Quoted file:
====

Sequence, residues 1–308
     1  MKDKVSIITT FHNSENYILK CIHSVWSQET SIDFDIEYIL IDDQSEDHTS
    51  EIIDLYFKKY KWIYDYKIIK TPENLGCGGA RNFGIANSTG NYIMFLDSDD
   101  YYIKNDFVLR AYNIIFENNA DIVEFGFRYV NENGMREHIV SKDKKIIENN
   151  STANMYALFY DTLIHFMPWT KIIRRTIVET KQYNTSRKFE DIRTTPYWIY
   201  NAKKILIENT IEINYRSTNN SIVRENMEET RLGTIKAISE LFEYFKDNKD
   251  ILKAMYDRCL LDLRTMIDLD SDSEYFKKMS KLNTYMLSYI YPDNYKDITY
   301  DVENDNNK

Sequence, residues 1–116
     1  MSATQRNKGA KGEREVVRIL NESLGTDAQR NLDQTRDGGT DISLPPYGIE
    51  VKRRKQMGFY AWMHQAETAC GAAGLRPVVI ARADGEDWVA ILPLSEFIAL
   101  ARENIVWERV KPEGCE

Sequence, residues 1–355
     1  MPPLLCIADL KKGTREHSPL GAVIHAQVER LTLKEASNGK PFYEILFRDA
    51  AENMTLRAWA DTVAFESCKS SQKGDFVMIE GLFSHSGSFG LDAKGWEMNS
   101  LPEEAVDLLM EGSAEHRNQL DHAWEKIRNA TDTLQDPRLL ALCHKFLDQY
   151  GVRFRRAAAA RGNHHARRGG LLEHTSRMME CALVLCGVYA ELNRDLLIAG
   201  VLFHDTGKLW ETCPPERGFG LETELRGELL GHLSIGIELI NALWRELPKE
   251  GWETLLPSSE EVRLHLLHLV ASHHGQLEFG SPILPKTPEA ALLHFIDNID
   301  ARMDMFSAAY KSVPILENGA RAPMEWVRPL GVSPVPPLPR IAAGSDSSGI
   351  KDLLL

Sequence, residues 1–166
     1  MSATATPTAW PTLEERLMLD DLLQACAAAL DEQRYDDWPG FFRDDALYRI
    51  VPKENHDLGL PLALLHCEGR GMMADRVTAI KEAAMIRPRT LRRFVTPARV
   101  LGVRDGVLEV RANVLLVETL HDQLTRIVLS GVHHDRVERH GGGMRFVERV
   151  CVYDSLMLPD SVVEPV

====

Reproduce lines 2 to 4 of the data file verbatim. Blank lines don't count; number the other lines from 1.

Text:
     1  MKDKVSIITT FHNSENYILK CIHSVWSQET SIDFDIEYIL IDDQSEDHTS
    51  EIIDLYFKKY KWIYDYKIIK TPENLGCGGA RNFGIANSTG NYIMFLDSDD
   101  YYIKNDFVLR AYNIIFENNA DIVEFGFRYV NENGMREHIV SKDKKIIENN